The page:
This trend for large companies to own a bite of the organic pie has led to skepticism among purists, concerned about growing and labeling standards. Some organic enthusiasts prefer to grow their own garden or buy from the neighborhood farmer, boosting the local economy. Paul cautioned that local doesn’t necessarily mean organic. “Know your farmer. Ask some questions. Ask whether or not that farm follows organic standards even though they aren’t certified.”
Chemical farming has been dominant for so long that many farmers don’t believe they can afford converting to organic practices. There is typically a three-year transition period that involves revitalizing the soil as part of the farm’s healthy ecosystem and current US farm programs don’t help much with this. Yet, via their 33-year-long Farm Systems Trial, the Rodale Institute has tracked data and created best practices that any farmer can try. Smallwood said confidently, “This idea that organic can’t feed the world, we’ve proven that’s just not true. We can and quite frankly, we can do it much better!”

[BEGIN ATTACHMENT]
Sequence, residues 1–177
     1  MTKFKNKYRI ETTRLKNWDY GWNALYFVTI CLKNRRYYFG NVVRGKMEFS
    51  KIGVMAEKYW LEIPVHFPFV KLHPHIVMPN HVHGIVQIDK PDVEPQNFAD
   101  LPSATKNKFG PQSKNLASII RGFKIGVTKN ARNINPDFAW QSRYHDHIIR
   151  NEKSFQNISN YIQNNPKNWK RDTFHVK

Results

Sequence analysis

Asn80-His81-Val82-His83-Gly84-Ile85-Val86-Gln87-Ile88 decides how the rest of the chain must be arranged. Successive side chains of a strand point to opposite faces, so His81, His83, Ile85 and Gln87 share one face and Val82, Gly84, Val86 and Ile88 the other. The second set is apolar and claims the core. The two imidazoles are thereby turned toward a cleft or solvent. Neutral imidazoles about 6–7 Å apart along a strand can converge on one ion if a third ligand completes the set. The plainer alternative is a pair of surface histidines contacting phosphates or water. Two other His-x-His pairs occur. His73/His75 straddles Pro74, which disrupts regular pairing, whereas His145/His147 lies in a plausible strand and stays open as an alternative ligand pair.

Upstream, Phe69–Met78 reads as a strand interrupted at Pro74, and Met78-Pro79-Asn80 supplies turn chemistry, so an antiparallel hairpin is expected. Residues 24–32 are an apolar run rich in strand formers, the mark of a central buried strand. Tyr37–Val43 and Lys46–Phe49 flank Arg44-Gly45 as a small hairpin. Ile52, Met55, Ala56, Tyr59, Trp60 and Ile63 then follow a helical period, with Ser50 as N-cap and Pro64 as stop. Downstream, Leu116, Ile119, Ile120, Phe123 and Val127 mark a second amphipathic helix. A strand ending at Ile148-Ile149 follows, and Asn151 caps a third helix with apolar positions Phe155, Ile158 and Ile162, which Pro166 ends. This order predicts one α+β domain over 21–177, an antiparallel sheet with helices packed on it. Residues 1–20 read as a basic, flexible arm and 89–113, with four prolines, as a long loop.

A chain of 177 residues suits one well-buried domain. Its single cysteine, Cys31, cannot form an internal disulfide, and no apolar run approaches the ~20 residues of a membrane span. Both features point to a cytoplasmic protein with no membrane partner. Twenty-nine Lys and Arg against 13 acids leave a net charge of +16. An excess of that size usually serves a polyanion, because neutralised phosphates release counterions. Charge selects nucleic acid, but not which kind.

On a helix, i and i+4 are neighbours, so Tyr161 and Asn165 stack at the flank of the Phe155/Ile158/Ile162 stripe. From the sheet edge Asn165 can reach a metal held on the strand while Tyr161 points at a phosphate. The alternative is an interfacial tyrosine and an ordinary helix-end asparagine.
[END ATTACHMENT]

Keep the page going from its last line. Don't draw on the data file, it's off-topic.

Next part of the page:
Smallwood also advocates for the USDA Organic seal and for encouraging more farmers to strive for its standards. Despite some criticism of USDA for the standards not being strict enough, Smallwood, Haumann and Paul all seem to agree that these standards are worthy of consumer trust. OTA’s Haumann explained that some evolution of organic rules is because of a need for producers to keep up with growing consumer demand — a possible reason for a particular ingredient being allowed that might be disallowed at a later time. OCA’s Paul stressed, “We continue to advocate on behalf of consumers, on behalf of stronger, not weaker, organic standards.”
Many of us are picking organic foods because we want taste and nutrition. Our choices are also helping reduce air, water and soil pollution. Rodale Institute research shows organic agriculture can even help slow or reverse climate change.